[Infographic] The new (ab)normal: Portion sizes today vs. 1950s
It’s not news that Americans’ colossal portion sizes have played a major role in our obesity epidemic, but this infographic from the Centers for Disease Control and Prevention really depicts how massive our meals have become.
In the 1950s, the average hamburger ordered at a restaurant weighed in at around 3.9 oz. It more than tripled its average weight over the past 60 years or so and now clocks in at about 12 oz. The average portion of french fries shot up from 2.4 oz. to 6.7 oz. And soda was the most shocking. Back then, the average restaurant soda was about 7 oz.; today, it’s 42 oz.
The text appearing at the top of the infographic has been copied below:
“Portion sizes have been growing. So have we. The average restaurant meal today is more than four times larger than in the 1950s. And adults are, on average, 26 pounds heavier. If we want to eat healthy, there are a few things we can do for ourselves and our community: Order the smaller meals on the menu, split a meal with a friend, or, eat half and take the rest home. We can also ask the managers at our favorite restaurants to offer smaller meals.”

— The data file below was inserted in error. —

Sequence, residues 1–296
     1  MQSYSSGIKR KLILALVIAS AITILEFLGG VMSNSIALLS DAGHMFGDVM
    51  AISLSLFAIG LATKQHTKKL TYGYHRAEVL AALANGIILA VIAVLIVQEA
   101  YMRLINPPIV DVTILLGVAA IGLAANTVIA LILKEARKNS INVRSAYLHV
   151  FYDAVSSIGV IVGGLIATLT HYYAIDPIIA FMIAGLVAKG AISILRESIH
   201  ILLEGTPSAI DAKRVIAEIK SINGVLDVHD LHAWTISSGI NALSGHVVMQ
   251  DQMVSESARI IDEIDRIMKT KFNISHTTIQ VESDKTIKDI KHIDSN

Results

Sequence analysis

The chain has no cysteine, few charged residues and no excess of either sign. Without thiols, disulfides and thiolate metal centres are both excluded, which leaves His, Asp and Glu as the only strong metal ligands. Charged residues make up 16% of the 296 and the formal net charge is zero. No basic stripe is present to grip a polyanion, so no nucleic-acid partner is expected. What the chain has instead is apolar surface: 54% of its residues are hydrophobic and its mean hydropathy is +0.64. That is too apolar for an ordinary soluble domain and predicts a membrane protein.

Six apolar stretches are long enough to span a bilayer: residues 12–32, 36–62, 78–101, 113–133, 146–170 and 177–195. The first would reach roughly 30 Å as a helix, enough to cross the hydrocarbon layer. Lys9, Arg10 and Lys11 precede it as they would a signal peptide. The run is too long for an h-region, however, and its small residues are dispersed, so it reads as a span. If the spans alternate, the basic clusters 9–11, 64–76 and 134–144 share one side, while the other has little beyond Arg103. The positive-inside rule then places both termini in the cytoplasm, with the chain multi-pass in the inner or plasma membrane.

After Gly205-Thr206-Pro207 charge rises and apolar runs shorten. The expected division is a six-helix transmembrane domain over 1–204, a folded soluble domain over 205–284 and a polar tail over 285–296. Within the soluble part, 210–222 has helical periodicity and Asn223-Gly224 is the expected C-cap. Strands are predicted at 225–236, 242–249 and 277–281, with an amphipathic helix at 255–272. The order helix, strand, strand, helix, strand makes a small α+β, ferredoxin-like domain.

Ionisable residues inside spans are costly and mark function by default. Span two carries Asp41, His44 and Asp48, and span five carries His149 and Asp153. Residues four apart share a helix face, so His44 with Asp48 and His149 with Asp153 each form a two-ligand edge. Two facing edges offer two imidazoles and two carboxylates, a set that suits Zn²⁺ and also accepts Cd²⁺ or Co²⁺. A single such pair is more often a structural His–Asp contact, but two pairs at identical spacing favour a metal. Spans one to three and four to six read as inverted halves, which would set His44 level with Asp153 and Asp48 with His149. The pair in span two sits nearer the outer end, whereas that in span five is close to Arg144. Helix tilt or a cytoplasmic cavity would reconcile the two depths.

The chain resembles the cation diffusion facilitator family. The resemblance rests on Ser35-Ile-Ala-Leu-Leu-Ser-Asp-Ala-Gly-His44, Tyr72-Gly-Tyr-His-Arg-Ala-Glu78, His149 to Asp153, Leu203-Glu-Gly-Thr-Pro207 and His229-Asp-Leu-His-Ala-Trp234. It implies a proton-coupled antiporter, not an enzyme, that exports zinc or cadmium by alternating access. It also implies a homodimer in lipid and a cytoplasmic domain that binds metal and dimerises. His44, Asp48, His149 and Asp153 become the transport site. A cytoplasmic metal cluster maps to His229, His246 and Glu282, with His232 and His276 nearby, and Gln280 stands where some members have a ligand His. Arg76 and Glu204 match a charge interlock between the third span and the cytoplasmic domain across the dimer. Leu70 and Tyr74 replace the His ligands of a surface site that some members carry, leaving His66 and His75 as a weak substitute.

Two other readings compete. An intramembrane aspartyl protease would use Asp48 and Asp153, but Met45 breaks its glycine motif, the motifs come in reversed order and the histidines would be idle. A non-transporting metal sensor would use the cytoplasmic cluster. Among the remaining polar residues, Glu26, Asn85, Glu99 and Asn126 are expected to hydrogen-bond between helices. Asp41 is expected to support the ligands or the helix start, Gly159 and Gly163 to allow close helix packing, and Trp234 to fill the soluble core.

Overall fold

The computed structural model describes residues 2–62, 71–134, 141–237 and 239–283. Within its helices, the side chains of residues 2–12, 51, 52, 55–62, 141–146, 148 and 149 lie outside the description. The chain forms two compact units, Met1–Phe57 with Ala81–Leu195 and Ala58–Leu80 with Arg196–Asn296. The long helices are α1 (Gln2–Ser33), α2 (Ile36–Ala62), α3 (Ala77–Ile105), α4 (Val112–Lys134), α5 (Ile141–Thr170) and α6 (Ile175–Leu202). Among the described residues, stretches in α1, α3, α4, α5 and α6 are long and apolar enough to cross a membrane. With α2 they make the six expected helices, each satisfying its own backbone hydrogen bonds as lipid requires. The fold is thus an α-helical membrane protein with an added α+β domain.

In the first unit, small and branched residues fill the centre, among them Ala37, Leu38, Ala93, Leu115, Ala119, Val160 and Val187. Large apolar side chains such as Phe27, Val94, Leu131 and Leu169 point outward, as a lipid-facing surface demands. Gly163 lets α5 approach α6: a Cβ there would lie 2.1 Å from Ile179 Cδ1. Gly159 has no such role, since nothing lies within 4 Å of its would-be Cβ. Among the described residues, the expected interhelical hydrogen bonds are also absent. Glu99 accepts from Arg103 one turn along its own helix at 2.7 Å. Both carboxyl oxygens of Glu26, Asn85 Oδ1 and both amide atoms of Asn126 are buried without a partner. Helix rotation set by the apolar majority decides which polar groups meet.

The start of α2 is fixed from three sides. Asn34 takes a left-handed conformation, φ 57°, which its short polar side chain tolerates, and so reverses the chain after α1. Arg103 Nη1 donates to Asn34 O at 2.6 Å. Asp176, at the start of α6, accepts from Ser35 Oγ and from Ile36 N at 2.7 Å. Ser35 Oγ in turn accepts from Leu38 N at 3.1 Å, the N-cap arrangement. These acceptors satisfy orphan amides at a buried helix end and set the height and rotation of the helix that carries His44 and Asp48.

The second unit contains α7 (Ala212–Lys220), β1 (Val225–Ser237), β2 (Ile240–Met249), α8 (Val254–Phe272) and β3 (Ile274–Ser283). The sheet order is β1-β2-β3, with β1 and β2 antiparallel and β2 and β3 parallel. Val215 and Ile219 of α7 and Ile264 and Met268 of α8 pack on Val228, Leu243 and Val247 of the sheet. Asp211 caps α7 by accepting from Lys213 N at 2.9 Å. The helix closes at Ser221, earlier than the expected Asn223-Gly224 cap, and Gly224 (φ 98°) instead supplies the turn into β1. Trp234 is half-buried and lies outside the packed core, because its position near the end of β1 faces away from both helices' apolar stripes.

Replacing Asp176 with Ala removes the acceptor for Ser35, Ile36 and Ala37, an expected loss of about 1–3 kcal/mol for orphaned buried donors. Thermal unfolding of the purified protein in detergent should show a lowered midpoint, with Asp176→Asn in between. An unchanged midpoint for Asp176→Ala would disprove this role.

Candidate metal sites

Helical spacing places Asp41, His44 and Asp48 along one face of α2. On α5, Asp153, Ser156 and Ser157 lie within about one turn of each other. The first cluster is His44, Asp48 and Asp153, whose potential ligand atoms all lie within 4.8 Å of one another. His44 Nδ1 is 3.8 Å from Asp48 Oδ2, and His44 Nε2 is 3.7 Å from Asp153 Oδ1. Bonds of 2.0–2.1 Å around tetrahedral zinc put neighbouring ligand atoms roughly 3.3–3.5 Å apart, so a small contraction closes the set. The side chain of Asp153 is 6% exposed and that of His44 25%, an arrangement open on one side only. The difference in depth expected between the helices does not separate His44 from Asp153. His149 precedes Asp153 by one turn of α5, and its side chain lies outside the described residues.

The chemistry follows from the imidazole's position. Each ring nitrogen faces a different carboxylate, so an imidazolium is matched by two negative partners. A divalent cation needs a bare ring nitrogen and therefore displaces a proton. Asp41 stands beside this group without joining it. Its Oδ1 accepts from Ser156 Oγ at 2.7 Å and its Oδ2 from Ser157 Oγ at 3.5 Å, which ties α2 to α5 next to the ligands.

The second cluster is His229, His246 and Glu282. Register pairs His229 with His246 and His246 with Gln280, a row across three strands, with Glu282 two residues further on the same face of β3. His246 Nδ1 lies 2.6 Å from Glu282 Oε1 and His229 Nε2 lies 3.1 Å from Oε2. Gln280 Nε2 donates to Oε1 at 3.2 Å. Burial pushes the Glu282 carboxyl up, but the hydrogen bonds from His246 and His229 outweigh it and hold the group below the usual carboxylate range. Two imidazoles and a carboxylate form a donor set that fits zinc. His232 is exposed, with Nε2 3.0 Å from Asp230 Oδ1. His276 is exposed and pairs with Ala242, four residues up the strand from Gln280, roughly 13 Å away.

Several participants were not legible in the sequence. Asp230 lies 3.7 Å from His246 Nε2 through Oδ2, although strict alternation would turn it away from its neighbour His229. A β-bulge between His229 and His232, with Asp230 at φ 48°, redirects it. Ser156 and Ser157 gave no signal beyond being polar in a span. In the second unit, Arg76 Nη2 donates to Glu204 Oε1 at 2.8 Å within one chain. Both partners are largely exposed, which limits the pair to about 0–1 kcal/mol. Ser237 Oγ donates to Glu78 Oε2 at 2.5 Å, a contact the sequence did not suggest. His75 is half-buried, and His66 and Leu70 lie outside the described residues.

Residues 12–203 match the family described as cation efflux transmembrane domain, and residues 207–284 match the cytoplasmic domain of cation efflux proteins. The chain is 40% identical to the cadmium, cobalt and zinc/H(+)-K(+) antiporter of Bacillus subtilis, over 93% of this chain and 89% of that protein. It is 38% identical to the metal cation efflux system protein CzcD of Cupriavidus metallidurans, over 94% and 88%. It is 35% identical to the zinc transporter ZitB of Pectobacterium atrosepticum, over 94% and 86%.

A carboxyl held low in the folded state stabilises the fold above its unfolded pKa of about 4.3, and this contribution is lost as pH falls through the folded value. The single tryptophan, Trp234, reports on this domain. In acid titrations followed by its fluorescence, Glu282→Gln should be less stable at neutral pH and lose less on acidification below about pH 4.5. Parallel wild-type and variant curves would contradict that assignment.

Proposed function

Even scarier than the numbers portrayed in this illustration are the numbers showing the effects this gluttony has had on American health. Today, more than one-third of U.S. adults (35.7%) are obese, according to the CDC. And a recent CDC report predicted that this number will rise to 42% by 2030.
It’s tough to quit eating delicious food when it’s sitting right in front of us on our plates. If you don’t have the self-control to stop eating, do whatever you can to make sure that excess food doesn’t end up on your plate. As the infographic suggests, you can order smaller meals on the menu or split a meal with a friend. I have a friend who even asks for a to-go box when her meal is served so she can box up half and move it out of her sight while she eats the other half.
Making healthy food choices now can reduce your risk for Type 2 diabetes, hypertension (i.e., high blood pressure), high cholesterol and heart disease, among other conditions. To get a better idea of what constitutes a healthy serving size, check out our story on serving-size comparisons you can visualize to keep your portions in check.
Infographic sources from the CDC:
- “Mean Body Weight, Height, and Body Mass Index, United States, 1960-2002″ by Cynthia L. Ogden, Ph.D.; Cheryl D. Fryar, M.S.P.H.; Margaret D. Carroll, M.S.P.H.; and Katherine M.
- “Anthropometric Reference Data for Children and Adults: United States, 2003-2006″ by Margaret A. McDowell, Ph.D., M.P.H., R.D.; Cheryl D. Fryar, M.S.P.H.
- “Report of the Dietary Guidelines Advisory Committee on the Dietary Guidelines for Americans, 2010″
- “Expanding portion sizes in the US marketplace: implications for nutrition counseling” by Young, LR, Nestle, M.
- “Portion sizes and obesity: responses of fast-food companies” by Young, LR, Nestle M.